Volume 1


Fourth Edition Printed by the Clio Press Iowa City, Iowa 1920
Copyright 1917 by Clarence Ray Aurner

Transcribed by Sharon Elijah, submitted April, 2013


Although there were different kinds of mills which the first settlers needed, the most important was one to make corn meal and wheat flour. If one could bring together all the kinds of machines used by the pioneers to grind up their corn and wheat it would make a very interesting collection.

There were hand mills, not much larger than a coffee mill, which cracked wheat and corn fine enough to make bread. Such coarse meal or wheat grains would do when no one could hope to have fine white flour. In time of great need a coffee mill might be used in place of this hand mill, and many housewives were glad to make corn cakes, or �corn dodgers� as they were called, from the coffee mill meal.

If a mill could not be found, a grater made by punching holes through a piece of tin, something like a nutmeg grater, might be used. If the corn was too old and hard, it had to be softened first to make it grate well. New corn, of course, was easily prepared in this way for baking into bread. Mills run by horse power followed the hand mill; and these were among the first in the country. Sometimes such mills only cracked the corn, and so they were called �corncrackers�.

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In building small mills along the streams men sometimes used the large stones or boulders found on the prairie. The two stones, like the upper and the lower stones in a real flour mill, were cut out of the rock. They were then set on a spindle so the one would turn upon the other, and as the corn or wheat dropped from the hopper between the two revolving stones the grains would be crushed. Such flour would need to be sifted to take out the coarse part called bran.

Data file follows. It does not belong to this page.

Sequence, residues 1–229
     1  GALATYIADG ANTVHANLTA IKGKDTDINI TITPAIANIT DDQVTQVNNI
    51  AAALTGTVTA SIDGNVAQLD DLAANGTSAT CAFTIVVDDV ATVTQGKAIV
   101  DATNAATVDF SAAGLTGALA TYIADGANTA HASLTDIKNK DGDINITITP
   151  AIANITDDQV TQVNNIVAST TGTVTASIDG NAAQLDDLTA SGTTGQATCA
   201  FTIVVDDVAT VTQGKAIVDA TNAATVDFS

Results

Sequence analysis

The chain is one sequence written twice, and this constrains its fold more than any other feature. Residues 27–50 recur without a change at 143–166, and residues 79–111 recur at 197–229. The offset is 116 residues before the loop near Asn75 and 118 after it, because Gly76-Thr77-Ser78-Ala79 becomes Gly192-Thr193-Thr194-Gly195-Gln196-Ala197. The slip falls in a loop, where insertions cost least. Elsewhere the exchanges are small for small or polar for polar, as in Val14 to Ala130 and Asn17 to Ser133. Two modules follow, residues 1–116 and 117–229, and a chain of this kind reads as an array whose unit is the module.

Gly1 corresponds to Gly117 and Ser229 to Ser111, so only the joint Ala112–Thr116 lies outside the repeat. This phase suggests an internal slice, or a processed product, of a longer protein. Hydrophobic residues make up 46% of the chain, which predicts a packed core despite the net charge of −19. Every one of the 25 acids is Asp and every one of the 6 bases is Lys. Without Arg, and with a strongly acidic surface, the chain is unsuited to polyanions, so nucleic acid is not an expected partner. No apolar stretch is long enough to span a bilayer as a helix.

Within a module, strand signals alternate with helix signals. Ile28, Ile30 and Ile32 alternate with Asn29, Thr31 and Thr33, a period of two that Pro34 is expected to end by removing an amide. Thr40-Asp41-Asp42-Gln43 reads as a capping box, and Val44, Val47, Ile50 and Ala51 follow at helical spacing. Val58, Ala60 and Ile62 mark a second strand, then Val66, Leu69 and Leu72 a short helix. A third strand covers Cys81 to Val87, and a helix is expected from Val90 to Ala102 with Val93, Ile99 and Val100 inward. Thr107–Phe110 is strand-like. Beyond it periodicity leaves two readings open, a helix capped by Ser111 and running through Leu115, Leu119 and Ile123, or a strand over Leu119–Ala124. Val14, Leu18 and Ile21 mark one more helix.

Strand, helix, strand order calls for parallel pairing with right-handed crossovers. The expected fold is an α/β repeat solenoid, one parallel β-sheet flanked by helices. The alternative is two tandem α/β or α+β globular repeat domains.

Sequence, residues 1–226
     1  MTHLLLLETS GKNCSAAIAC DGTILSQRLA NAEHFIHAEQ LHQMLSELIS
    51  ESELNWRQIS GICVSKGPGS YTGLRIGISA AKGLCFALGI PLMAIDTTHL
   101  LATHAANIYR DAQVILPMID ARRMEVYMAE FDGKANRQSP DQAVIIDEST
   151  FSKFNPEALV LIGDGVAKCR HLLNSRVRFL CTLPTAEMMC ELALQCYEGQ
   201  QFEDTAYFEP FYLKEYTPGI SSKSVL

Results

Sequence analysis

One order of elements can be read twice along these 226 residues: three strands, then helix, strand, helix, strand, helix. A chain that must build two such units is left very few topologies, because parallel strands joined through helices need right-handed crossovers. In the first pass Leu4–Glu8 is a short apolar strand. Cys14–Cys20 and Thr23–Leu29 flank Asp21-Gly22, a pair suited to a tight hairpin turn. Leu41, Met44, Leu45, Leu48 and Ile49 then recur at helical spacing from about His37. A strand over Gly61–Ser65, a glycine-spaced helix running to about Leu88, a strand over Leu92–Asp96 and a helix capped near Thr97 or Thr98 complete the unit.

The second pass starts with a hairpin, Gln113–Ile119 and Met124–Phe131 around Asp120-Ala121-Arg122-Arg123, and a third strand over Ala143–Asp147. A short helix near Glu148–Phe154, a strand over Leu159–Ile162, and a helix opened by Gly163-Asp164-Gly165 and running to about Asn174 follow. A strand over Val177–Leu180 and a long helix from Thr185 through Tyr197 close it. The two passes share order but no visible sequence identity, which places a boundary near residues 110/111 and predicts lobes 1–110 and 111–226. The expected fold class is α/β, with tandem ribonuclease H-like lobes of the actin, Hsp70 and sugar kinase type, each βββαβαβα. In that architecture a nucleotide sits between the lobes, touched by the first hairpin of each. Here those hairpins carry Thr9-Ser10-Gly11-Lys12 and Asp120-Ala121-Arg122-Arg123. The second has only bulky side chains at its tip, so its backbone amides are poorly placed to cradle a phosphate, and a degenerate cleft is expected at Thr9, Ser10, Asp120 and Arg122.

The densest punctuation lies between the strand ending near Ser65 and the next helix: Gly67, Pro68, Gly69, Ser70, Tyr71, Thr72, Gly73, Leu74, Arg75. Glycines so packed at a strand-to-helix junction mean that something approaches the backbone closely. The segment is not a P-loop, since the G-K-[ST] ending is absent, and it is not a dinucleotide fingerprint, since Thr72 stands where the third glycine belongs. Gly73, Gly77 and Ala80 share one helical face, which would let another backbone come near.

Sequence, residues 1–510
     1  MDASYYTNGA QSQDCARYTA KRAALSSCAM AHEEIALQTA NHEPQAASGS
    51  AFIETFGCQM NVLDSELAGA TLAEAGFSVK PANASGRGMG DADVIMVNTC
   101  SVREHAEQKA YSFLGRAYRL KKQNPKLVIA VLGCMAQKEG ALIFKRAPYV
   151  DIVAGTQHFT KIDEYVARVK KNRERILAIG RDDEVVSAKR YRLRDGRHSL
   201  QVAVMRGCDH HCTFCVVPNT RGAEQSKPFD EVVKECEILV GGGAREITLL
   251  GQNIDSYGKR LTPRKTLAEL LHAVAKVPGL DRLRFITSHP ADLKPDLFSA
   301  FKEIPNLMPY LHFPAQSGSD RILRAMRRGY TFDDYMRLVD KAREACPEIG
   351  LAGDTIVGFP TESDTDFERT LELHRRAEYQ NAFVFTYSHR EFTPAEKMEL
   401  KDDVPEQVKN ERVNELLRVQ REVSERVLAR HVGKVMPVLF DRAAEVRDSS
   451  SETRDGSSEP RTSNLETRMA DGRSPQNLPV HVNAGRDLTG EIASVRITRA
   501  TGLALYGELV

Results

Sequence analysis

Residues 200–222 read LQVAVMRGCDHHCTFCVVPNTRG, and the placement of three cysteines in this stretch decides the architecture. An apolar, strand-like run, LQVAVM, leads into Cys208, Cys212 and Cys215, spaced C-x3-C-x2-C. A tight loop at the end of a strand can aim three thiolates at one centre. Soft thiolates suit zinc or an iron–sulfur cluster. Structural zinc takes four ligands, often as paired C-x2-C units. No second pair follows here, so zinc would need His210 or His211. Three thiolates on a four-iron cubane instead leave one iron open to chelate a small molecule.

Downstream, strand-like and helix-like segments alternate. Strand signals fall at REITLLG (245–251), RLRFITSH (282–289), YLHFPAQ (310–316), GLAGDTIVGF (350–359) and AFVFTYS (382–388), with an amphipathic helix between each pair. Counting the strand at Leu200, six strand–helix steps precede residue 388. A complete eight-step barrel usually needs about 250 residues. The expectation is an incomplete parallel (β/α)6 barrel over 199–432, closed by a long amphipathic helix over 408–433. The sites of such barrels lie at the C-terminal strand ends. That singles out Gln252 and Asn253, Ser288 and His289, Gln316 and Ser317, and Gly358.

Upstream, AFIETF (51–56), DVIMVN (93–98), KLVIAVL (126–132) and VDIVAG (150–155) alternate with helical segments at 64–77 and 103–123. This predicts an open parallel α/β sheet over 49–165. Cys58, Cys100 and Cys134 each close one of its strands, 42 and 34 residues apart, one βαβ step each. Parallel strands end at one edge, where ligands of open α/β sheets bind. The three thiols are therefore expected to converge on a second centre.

When mills were built upon the streams, dams had to be constructed. These were soon built in many places, although at first men had to drive many miles to get their meal and flour. Some of the people who came first crossed the Mississippi into Illinois to go to mill. Ox teams were often driven fifty, sixty, or eighty miles and families were left alone sometimes for two or three weeks while the father went to mill.

Even after reaching the mill he might have an unhappy time in waiting his turn; for since a great many men had come from many directions at the same time, they had to be served in the order in which they reached the place. A kind miller would always run his mill night and day so that the journey home could be begun as soon as possible.

Suppose people now living in Marion County had to go to Burlington, one hundred miles away, to mill; or those at Fort Dodge had to go to Des Moines or Oskaloosa as they did at one time; and in going suppose they had to drive a slow ox team. In these hurried days they would probably think that a great hardship. When mills were built near enough to permit a man to go and to return with his flour on the same day, it was getting quite comfortable to live anywhere.

The water mills, to be sure, could not run all the time; for the water might be low in the hot summer season, or it might freeze deep in the winter. When anything interfered with the water power mill the miller had to use the old horse mill until there was enough water again. After steam power was used to run mills there was no more trouble of that kind.

It was about 1848 that the first steam mill was put up in Davenport, and when it was ready to grind wheat a grand opening was held. At the feast of good things served to those who were invited the bread was made from flour ground that very day in the new mill. The new bread perhaps was much better when eaten with roast turkey and chickens and roast pig, and the pies and cakes which the three hundred guests ate, than bread would have been when eaten alone.

The Iowa counties which had good streams had plenty of mills after they had become well settled. Scott County, for example, had many more than any other county near it, and people came from all directions with their �grist�, or grain, to be ground. The �Honest Miller� was a nickname once given to the owner of a mill who in this early time always took just his rightful share of the flour; for the miller received his pay for his work in a small part of the flour made.

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